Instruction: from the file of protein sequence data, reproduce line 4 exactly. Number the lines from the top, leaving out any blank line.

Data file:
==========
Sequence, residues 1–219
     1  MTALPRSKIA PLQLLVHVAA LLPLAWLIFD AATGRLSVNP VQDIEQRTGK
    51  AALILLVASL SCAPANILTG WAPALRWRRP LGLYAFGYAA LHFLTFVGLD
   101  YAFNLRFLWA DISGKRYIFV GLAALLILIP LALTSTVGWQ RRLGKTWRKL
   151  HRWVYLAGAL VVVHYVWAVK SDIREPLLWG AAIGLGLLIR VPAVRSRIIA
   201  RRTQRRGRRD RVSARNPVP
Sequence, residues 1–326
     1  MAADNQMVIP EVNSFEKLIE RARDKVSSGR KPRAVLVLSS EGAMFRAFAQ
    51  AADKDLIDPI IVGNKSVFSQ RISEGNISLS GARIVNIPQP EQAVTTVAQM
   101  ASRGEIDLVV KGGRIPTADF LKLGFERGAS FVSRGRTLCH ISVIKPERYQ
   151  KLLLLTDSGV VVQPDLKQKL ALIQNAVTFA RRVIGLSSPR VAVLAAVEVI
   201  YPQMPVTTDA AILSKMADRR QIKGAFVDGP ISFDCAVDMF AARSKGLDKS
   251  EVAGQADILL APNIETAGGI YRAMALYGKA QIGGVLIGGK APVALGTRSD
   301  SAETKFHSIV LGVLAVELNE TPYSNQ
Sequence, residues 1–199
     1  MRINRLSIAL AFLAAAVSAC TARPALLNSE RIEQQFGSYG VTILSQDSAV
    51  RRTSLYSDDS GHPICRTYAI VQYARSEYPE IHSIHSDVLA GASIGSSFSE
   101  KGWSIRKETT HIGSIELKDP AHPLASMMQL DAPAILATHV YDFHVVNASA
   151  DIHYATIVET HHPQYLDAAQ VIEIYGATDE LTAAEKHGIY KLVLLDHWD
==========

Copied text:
   101  YAFNLRFLWA DISGKRYIFV GLAALLILIP LALTSTVGWQ RRLGKTWRKL